In addition, supercritical carbon dioxide can be separated from extract easily, without having the solvent recovery by boiling up the washed-out organic solvent as a practice for traditional liquid extraction process. Therefore, it leaves no organic solvent residue, as we may consider the process as a dry cleaning process for the rice, and will not pollute environment in any way. SFE process fits perfectly into the basic principle for modern green processing technology.

Starting from the 60’s, many research groups, primarily in Europe and then later in the U.S., have examined SFE for “advance” extraction processes. European researchers emphasized extraction from botanical substrates, for example, spices, herbs, coffee, tea, and so on, uses predominantly supercritical carbon dioxide. By the 80’s there are several large SFE process plants in operation in Germany, UK and US, for decaffeinating coffee and tea and extracting flavors and essential oils from hops, spices, and herbs (Lack and Simandi, 2001.)

Ever since the launch of this new technology, the focus of supercritical fluids is on water, carbon dioxide and alcohol, because those are considered as green and sustainable in nature. It comes with no surprise that one application attempts to use supercritical carbon dioxide as a cleaning solvent to wash out the contaminants on a solid matrix. This is a sensational idea; however, would it worth using rather expensive technology on low-tech industry like rice milling, which has been considered cheap?

Supercritical fluid rice cleaning process (SFRCP)

This is a simple idea but the technology itself is not an easy task. Supercritical fluid rice cleaning process is a typical SFE practice emulating the pioneer SFE decaffeinating process that has existed for quite some time in coffee and tea industries. Generally speaking, supercritical fluid rice process (SFRCP) uses carbon dioxide under supercritical conditions to permeate into rice and dissolve possible pollutants from the surface and within (Lack and Simandi, 2001). SFRCP can also exterminate existing germs and insect eggs so that the rice is much cleaner and safer for human consumption.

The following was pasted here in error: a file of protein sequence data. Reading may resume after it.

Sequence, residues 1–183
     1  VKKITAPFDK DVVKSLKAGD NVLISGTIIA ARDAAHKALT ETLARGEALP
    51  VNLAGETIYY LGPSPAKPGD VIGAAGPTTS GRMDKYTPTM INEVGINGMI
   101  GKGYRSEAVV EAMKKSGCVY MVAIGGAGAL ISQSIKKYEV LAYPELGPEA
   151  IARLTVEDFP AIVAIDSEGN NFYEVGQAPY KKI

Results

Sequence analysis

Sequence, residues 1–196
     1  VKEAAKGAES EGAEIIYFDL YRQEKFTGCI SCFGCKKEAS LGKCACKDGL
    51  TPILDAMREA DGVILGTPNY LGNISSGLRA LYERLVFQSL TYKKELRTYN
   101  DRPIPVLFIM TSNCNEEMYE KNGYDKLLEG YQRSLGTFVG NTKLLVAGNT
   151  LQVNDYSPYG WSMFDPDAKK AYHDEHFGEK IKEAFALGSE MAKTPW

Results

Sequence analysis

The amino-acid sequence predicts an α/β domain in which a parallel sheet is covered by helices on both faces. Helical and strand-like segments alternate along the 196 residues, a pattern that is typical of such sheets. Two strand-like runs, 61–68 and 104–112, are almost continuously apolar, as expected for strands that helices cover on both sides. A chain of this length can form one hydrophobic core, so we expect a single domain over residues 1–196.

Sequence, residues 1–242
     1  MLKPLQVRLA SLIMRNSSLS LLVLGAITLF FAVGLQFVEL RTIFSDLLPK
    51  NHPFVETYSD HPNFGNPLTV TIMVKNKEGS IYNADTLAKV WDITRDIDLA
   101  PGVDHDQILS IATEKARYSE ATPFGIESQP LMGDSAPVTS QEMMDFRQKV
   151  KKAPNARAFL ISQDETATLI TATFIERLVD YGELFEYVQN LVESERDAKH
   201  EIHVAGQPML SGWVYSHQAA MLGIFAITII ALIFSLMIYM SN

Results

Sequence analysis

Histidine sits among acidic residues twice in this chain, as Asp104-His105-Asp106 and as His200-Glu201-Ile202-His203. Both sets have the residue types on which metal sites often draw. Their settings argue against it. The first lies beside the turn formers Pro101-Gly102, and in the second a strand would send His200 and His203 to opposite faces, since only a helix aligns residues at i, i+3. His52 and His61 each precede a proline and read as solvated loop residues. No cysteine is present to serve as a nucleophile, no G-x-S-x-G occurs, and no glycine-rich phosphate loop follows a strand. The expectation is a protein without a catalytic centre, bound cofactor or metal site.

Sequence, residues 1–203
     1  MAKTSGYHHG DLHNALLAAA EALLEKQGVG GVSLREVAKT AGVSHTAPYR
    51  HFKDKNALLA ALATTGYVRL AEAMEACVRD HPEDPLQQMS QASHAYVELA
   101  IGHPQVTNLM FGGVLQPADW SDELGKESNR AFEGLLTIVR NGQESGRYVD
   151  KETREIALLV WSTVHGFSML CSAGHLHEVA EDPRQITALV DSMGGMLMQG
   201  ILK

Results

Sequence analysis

The process is constructed with three 5.8 cubic meter extractors which operate cascades in series. Like most basic laboratory SFE unit, the main engineering design of this commercial apparatus consists of extractor, separator, pressure pump and heat exchanger (Fig. 1). In addition, a co-solvent pump is equipped for modification of polarity of the extraction solvent and supercritical carbon dioxide in this case. 

A hermetic centrifugal pump is used as a booster pump to avoid cavitation to replace pre-chill water bath, which is a common practice in laboratory unit, for the sake of efficiency and spatial design. A 450 horsepower plunger pump, tandem with the booster pump, is capable of delivering 20,000 kg/hr. of liquid carbon dioxide and pressurizing operation pressure up to 350 bars (Fig. 2). An inclined tube bundle heat exchanger is used to heat up the pressurized liquid carbon dioxide to reach its critical temperature before entering the extraction vessel. 

For recycling of the carbon dioxide at gaseous phase, after evaporation at the separator by means of pressure reduction and temperature increment, another tube bundle heat exchanger is used as an inline condenser during operation. 

Carbon dioxide in the pressure vessel is then equilibrating with storage tank (working tank) which stores liquid carbon dioxide under its equilibrium vapor at temperature around 20 degree Celsius. A two-stage compressor is used at the final step for carbon dioxide recovery before opening of the extraction vessel. The compressor can deplete the gaseous carbon dioxide in the extraction vessel to 4.5 bars or lower to minimize carbon dioxide losses. As a result, the empirical data for average recovery of carbon dioxide is approximately 99.5%. 

Co-solvent is introduced into the process by mean of a diaphragm pump before pressurized liquid carbon dioxide entering the pre-heater. Presumably, the surface area and the contacting time between carbon dioxide and co-solvent are sufficient to reach equilibrium and to become a single phase, by definition.